Improve Savings with a Creative and Competitive Employee Benefits Offering
An employee benefits package is typically one of the top expenses for an organization (second only to payroll) and looking for opportunities to find savings in this area can have a positive impact on your bottom line. Viewing your employee benefits offering entirely through the lens of cost savings, however, can end up impacting your ability to attract and retain talent.
Employees today do appreciate more affordable healthcare costs—such as lower deductibles, co-pays, and out-of-pocket healthcare expenses, but cost is not the only factor job candidates are considering when assessing a new opportunity. As a result, many employers are now offering a diverse array of benefits to compete for talent in today’s competitive labor market—including flexible hours and tuition assistance—in addition to traditional benefits.
So, how do you put together a benefits package that helps you to attract and retain your best employees without sacrificing profitability?
A strong employee benefits strategy can help you save money on your employee benefits program while also helping you remain competitive.
Here are four tips to get you started:
Tip 1: Find New and Better Ways to Secure Coverage and Provide Better Benefit Plan Designs
Quality medical coverage is one of the most important elements of your company’s benefits offering. The more competitive your benefits are with others in your industry, the more you can improve your retention rates of your top talent. But being competitive doesn’t mean you have to provide the most expensive plans on the open market.
Consider redesigning your plan options to ensure people are not over-insured and that your company is providing the best health insurance plans possible. If you have a small business, consider partnering with a professional employer organization (PEO) such as G&A to gain access to a wider variety of healthcare plan designs from top-tier carriers at a rate you and your employees can afford.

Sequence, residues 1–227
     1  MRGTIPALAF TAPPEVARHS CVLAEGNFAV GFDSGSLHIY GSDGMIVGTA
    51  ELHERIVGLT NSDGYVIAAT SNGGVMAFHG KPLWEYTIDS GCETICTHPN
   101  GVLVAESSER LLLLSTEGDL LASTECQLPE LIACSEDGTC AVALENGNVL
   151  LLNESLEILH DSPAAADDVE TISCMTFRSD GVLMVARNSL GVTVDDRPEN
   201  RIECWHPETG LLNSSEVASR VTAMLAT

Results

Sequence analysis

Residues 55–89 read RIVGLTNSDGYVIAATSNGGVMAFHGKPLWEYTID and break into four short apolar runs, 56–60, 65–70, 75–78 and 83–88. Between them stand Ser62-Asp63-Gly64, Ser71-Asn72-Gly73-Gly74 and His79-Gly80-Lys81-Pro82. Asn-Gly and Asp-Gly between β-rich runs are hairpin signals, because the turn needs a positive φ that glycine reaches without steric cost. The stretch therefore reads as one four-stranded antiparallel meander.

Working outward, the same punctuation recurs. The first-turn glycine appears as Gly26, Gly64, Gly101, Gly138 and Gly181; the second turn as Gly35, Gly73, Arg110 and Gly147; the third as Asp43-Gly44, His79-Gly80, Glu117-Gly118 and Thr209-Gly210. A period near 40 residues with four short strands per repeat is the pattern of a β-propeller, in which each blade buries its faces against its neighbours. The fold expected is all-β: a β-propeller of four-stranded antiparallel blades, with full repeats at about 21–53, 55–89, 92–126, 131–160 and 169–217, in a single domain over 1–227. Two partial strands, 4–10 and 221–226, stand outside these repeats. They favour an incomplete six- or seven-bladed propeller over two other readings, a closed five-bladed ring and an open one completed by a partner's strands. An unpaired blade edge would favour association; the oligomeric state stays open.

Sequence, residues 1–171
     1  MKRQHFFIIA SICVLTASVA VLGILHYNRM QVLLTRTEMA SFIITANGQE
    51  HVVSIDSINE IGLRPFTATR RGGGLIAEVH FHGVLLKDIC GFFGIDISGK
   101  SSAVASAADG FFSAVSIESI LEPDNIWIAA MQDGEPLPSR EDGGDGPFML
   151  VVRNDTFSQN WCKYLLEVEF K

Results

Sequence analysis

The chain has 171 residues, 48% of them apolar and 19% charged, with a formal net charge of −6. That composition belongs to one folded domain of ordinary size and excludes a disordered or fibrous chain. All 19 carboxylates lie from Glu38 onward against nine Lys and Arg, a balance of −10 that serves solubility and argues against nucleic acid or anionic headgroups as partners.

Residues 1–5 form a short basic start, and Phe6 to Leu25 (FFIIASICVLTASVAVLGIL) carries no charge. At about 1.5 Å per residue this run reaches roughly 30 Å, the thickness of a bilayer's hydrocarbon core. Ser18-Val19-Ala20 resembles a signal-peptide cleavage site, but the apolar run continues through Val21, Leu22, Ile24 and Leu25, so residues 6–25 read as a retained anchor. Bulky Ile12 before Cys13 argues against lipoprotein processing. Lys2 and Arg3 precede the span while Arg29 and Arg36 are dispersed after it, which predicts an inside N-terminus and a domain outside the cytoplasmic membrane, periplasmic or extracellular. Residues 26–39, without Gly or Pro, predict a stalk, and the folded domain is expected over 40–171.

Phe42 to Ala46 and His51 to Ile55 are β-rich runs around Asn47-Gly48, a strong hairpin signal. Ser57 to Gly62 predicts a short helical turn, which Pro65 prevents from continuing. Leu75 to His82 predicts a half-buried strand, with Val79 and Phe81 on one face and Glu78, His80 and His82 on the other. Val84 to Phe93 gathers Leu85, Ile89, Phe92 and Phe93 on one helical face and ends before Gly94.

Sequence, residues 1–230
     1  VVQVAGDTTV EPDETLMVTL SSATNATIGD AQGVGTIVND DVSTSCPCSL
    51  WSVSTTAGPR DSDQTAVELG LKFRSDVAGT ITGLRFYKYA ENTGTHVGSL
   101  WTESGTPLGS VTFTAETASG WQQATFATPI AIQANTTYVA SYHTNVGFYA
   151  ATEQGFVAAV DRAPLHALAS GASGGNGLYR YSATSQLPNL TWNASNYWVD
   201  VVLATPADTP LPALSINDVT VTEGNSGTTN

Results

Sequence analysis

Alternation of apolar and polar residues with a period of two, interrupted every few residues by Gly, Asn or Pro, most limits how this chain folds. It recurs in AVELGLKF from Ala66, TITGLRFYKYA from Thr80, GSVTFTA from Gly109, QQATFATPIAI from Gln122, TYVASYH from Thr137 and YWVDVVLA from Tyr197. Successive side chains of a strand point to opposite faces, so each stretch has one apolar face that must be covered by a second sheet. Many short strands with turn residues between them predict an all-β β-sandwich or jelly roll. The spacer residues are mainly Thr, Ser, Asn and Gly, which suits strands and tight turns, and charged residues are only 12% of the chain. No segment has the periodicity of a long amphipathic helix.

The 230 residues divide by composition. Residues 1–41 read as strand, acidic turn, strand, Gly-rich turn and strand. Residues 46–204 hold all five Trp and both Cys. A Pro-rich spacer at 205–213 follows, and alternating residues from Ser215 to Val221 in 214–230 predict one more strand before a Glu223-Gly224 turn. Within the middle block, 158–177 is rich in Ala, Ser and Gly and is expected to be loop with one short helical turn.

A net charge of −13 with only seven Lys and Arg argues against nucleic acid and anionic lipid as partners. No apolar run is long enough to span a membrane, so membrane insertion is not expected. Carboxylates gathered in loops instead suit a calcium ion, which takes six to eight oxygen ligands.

It’s also good practice to communicate with your team members through regular employee surveys, townhalls, etc. and perform a needs assessment. Then you can use benchmarking data to evaluate the effectiveness of your benefits plan on a recurring basis.
Tip 2: Educate Your Workforce on All Available Employee Benefit Offerings
It’s not just business owners who find benefits confusing. Employees do, too. And it doesn’t help that they feel pressured to make benefit-election decisions during an often-brief open enrollment period. When rushed, employees typically won’t make significant changes—they will instead choose what they know and what they are most comfortable with. As a result, their elections may not reflect their changing needs.
To help your employees make educated choices for themselves and their families, you can offer several informational meetings on single topics throughout the year—including benefit options like flexible spending accounts (FSA), health savings accounts (HSA), employee assistance programs (EAP), and more. This will help ensure they understand each of the options available to them and which ones may be more cost-effective.